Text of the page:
- Barbat skullcap
- Ban Zhi Lian
For Patients & Caregivers
How It Works
Scutellaria barbata has been studied for its anticancer effects. More research is needed.
S. barbata is an herb found in Korea and southern China. It is used with other herbs in traditional Chinese medicine to treat bacterial infections, hepatitis, and tumors. Laboratory studies have shown S. barbata can limit the growth of cancer cells. It is also effective against some bacteria. Small studies show that S. barbata may benefit patients with advanced breast cancer. Further studies are needed.
Scientific evidence is lacking.
There is evidence from laboratory studies that supports this use.
Laboratory studies have shown that S. barbata has anticancer properties across a range of cancers. Small studies report that it may have benefits in patients with advanced breast cancer.
For Healthcare Professionals
Scutellaria barbata is a perennial herb prevalent in Korea and southern China. It is used along with other herbs in traditional Chinese medicine to treat bacterial infections, hepatitis, and tumors, and is also used as a diuretic. It should not be confused with Scutellaria baicalensis.
Data from in vitro studies suggest that S. barbata has antibacterial (1), antioxidant (15), antimutagenic (2), and anticancer (3) (4) (5) (6) (7) (8) (10) (11) (12) properties. A number of constituents including flavonoids are thought to be responsible for these activities. Animal models also suggest antitumor activity with S. barbata across a range of cancers (16) (17) (18) (19) (20). However, different extraction methodologies and/or plant origins have yielded varying degrees of antitumor effects (21).
A large long-term population study identifies S. barbata among the single herbs used in TCM that may reduce risk of hepatocellular carcinoma in hepatitis B patients (9). Small studies also suggest it is safe and may benefit patients with advanced breast cancer (13) (14). Further research is needed to confirm these effects.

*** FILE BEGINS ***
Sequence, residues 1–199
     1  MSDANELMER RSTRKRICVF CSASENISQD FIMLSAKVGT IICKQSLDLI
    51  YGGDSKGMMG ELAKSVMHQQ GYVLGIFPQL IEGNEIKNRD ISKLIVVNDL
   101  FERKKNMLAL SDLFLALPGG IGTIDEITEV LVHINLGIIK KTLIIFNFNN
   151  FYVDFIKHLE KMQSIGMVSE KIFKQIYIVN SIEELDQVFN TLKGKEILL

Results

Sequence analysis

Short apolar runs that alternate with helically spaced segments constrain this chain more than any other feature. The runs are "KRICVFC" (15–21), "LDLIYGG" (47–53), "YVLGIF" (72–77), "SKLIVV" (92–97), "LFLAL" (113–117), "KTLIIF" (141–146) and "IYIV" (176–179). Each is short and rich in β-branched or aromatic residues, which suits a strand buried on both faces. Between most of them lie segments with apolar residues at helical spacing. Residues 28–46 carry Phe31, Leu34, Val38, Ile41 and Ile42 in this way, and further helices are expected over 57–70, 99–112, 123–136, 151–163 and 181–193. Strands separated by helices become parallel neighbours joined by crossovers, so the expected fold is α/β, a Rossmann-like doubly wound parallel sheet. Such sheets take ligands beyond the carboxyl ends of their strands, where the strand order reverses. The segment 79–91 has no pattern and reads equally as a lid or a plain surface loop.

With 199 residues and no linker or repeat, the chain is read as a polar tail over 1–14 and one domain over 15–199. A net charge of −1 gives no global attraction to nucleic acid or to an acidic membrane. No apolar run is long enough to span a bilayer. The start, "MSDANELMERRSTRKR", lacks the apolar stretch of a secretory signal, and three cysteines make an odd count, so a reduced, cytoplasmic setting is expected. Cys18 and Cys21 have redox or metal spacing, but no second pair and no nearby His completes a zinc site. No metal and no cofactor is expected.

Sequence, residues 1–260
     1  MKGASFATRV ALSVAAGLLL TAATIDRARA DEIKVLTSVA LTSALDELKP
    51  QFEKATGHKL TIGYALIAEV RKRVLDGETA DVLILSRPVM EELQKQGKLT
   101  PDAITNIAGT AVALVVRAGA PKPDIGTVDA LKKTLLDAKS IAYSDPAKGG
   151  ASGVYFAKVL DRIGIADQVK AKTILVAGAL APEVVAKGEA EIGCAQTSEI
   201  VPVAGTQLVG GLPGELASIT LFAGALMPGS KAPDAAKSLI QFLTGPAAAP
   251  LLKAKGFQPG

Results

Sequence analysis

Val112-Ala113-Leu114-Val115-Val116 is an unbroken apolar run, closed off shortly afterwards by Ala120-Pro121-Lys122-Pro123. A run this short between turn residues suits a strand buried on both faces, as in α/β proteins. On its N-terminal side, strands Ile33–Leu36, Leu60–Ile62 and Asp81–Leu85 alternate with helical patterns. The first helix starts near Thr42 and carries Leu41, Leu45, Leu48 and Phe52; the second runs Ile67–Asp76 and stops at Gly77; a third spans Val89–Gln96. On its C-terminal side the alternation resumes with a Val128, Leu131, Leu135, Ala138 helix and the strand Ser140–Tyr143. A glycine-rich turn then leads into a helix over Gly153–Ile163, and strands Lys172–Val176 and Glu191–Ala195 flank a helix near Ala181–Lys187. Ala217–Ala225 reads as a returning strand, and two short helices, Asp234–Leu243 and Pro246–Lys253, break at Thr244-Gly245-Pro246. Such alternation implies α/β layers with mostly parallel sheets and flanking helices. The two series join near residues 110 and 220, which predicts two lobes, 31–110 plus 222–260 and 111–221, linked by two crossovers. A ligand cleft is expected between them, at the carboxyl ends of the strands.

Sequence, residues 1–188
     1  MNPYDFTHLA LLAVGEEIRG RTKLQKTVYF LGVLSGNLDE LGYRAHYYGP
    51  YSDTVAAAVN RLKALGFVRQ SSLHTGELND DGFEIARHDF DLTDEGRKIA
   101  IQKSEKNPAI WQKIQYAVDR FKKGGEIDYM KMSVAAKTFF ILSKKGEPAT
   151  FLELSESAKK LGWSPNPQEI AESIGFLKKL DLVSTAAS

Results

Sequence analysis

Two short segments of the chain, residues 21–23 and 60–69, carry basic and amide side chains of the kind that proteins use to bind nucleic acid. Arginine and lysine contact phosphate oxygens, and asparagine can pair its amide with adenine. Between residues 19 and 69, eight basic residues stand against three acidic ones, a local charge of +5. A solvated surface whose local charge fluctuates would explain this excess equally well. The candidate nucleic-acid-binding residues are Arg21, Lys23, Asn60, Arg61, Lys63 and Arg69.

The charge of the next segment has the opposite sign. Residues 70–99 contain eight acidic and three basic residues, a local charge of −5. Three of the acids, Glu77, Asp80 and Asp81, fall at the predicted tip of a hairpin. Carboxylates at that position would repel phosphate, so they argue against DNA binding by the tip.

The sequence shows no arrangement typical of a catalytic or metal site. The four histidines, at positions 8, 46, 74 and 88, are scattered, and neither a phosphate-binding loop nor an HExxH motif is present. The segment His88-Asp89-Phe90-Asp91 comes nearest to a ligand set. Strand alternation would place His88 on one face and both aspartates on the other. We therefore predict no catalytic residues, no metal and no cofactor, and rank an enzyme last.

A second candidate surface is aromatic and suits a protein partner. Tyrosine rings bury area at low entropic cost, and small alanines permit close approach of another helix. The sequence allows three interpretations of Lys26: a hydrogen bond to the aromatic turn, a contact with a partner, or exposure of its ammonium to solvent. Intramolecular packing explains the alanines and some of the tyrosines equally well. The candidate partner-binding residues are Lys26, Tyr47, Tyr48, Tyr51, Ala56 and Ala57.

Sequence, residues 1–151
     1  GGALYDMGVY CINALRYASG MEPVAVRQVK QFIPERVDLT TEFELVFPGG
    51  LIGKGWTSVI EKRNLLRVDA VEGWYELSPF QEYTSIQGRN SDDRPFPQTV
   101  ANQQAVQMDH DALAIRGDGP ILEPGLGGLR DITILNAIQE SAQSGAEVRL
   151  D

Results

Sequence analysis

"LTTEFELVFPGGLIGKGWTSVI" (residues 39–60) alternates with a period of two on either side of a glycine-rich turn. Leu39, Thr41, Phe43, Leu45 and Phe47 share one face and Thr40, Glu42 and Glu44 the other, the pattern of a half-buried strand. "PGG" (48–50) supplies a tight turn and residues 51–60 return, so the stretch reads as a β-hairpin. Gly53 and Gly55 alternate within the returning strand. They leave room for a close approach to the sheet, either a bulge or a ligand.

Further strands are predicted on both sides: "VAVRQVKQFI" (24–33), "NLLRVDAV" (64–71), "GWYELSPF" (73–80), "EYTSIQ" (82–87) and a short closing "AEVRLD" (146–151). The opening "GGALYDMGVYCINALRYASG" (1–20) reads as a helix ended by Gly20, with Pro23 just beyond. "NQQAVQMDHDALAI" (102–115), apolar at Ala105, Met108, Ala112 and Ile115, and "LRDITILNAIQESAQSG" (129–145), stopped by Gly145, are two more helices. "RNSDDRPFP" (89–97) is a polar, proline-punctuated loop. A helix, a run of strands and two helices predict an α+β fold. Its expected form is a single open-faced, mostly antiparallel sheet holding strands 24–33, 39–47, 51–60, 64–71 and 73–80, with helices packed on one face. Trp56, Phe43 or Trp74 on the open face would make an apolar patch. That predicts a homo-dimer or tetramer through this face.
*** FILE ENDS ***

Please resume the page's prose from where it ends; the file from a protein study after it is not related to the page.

Mechanism of Action
S. barbata possesses a range of antitumor activities via multiple intracellular targets (20), with major anticancer constituents identified as scutellarin, apigenin5-O-β-glucopyranoside and apigenin along with p-coumaric acid, luteolin and 4’-hydroxywogonin (22). Polysaccharides in S. barbata demonstrate antioxidant and free radical-scavenging activity (15). Flavonoids and scutebarbatines can regulate immune function, with decreases in IL-17, IL-10, FOXP3, TGF-beta1, RORgammat, and IL-6 levels, and increases in IL-2 and IFN-gamma levels (23). Neo-clerodane diterpenoids also have demonstrated anticancer (24) and antiviral (25) activities.
In vitro and in vivo studies of S. barbata have focused mostly on colon, lung, and liver cancer models. In human colon cancer cells, S. barbata induces apoptosis and inhibits cell proliferation and tumor angiogenesis via modulation of Hedgehog, Akt, and p53 pathways, upregulation of proapoptotic Bax/Bcl-2 ratio, decreased cyclin D1 and CDK4 expression, G1/S cell cycle arrest, vascular endothelial growth factor A (VEGF-A) inhibition, and promotion of p21 expression (19) (20) (26) (27).
In lung tumor models, S. barbata inhibits hypoxia-inducible factor-1 (HIF-1) alpha and VEGF expression (18). Polysaccharides in S. barbata inhibit proliferation and downregulate phospho-c-Met expression and downstream phospho-Erk and phospho-Akt signaling (18). The alkaloid scutebarbatine A demonstrates mitochondria-mediated apoptotic effects via upregulation of cytochrome c, caspase-3, and caspase-9, and downregulation Bcl-2 levels (28).
In liver tumors, S. barbata flavonoids suppressed angiogenesis via VEGF regulation, inhibition of matrix metalloproteinase 2 (MMP2) and MMP9 expression at both mRNA and protein levels, and simultaneous increases in tissue inhibitors of metalloproteinases 1 (TIMP1) and TIMP2 expression (17) (29). Total flavonoids induced significant increases in DNA fragmentation and upregulation of Smac, Apaf-1, cytochrome c, caspase-9, and caspase-3 suggesting mitochondrial pathway-induced apoptosis (30). A crude extract of S. barbata inhibited liver tumorigenesis and relieved hepatic injury by significantly reducing markers of oxidative stress while increasing superoxide dismutase levels (16). S. barbata was also shown to prevent diosbulbin B-induced liver injury by attenuating NF-kappaB-mediated hepatic inflammation and ameliorating liver oxidative stress injury, while promoting antitumor activity (31).
S. barbata flavonoids have produced synergistic effects in combination with cisplatin in ovarian cancer cells (32).
A proprietary aqueous extract of S. barbata used in a few small studies appears to target tumor mitochondria to induce ROS generation and DNA damage followed by PARP hyperactivation, cellular ATP and NAD depletion, and glycolysis inhibition (33).